Western Union ‘censured’ by FMA for not having enough cash

Western Union has been censured by the Financial Markets Authority for failing to hold enough cash to back its foreign exchange derivatives.

The Financial Markets Authority Te Mana Tātai Hokohoko (FMA) said Western Union Business Solutions (Australia) did not at all times hold enough capital to meet its licensing requirements.

Following an investigation, the FMA found that at certain times from July 2019 to June 2021, Western Union net tangible assets (NTA) fell below the greater of $ 1 million or 10% of its average revenue.

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It was also required to have at least 50% of that in cash, or other liquid assets.

Without the express written approval of the FMA, a licensed derivatives issuer that did not meet these requirements must not enter issue new derivatives.

“Western Union maintained it had the ability to replenish its NTA to the required level, it did so from time-to-time, it was able to provide services to clients with no issues, and there was no actual loss or risk of loss to clients arising from the contraventions, ”James Greig, FMA director of supervision said.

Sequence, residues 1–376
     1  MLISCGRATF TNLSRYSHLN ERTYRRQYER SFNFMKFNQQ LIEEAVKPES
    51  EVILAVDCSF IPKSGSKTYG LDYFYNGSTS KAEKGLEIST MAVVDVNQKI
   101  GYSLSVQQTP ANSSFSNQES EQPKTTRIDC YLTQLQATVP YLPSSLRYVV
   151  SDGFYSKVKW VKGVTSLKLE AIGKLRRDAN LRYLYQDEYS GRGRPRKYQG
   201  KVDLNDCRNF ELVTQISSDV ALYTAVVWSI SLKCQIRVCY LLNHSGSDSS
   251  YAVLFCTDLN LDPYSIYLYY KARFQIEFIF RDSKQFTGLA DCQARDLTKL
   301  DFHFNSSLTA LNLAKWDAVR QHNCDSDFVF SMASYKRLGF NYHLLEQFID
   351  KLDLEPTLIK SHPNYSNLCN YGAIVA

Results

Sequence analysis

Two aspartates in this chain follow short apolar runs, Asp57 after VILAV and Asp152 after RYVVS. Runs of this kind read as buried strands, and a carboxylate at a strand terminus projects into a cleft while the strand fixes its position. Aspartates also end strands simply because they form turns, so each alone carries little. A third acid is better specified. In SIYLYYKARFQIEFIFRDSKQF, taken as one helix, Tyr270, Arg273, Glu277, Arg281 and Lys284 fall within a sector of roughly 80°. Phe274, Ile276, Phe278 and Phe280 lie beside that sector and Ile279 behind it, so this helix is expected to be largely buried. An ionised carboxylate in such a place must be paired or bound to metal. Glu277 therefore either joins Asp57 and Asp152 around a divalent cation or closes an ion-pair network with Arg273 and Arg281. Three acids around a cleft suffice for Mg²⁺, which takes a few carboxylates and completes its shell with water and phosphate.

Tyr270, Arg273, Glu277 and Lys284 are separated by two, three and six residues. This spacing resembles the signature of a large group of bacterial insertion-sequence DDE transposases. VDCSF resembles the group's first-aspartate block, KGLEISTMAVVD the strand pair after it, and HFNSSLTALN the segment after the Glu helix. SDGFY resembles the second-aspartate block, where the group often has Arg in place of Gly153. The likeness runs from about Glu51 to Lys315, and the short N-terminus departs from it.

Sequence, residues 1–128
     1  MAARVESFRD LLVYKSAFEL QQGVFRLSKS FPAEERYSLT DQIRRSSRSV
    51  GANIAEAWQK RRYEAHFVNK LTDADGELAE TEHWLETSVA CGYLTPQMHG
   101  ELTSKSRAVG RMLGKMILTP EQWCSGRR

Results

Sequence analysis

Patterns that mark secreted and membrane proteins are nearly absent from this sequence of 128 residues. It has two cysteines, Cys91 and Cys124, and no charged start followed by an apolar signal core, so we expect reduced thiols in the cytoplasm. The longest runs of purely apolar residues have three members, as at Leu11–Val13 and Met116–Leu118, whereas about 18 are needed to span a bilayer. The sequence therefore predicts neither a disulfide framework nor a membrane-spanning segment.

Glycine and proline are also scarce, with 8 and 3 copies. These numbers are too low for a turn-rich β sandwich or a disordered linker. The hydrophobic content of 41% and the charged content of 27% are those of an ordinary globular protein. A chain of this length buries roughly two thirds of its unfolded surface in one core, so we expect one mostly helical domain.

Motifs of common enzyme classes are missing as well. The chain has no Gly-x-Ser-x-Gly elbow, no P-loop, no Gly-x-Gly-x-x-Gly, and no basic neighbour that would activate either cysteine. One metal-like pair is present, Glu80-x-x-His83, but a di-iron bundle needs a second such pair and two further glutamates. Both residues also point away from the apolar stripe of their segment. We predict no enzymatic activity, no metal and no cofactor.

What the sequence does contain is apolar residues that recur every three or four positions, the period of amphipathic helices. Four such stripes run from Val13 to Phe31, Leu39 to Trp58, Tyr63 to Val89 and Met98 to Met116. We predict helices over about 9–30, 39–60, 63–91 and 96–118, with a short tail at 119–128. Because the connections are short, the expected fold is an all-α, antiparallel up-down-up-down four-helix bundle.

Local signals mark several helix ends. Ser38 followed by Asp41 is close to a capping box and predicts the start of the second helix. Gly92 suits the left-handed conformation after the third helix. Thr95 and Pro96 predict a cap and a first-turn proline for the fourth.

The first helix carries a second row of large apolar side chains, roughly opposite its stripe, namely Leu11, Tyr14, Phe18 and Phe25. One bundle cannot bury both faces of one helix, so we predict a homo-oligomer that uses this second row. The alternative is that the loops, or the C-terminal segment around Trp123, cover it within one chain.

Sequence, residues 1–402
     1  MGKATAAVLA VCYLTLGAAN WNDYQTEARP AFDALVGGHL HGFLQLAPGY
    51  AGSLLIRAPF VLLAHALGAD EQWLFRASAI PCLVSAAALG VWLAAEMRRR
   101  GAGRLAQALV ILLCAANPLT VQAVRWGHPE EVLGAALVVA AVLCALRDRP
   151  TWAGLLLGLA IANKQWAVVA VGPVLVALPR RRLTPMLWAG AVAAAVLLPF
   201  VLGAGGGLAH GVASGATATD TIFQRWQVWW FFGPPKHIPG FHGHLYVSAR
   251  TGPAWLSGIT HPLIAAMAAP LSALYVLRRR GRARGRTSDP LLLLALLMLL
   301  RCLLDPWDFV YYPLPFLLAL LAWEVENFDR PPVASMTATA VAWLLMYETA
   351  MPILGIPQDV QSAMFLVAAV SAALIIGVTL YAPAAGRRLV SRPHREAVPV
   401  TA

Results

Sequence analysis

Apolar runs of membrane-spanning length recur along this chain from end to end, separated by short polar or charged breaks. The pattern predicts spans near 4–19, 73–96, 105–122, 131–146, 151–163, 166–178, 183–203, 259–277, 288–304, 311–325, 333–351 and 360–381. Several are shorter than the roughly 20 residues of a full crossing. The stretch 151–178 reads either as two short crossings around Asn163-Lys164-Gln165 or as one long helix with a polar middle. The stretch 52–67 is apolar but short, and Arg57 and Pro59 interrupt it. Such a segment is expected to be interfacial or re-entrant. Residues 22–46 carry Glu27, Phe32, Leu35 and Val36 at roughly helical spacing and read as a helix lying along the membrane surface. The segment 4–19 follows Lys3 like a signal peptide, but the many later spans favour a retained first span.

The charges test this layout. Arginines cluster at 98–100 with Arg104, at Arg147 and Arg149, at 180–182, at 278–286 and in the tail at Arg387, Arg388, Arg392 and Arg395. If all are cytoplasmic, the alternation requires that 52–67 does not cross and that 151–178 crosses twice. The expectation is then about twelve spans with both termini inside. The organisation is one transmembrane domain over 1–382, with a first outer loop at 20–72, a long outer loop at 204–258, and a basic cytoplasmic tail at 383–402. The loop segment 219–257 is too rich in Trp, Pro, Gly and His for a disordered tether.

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“Western Union maintained it had the ability to replenish its NTA to the required level, it did so from time-to-time, it was able to provide services to clients with no issues, and there was no actual loss or risk of loss to clients arising from the contraventions, ”James Greig, FMA director of supervision says.

“It is not sufficient for a licensed derivatives issuer to only prove it can meet the requirements,” he said.

The rules were in place to reduce risks of client harm and loss, he said.

“Western Union’s contraventions left open the possibility of client harm and loss, and its continued entry into transactions that gave rise to further liabilities increased the possibility of harm,” Greig said.

“We were concerned about the significant number and value of transactions that occurred while Western Union was in breach, as well as the duration of the breach, making this a material contravention.”

The breaches were self-reported by Western Union to the FMA, and the company had taken steps to prevent further breaches of its license.

Western Union is headquartered in Sydney, Australia and the censure related to its New Zealand business, the FMA said.

Correction: an earlier version of this story incorrectly stated Western Union Business Solutions (Australia) was a money transfer service. (Amended July 19, 2022. at 8.38pm)

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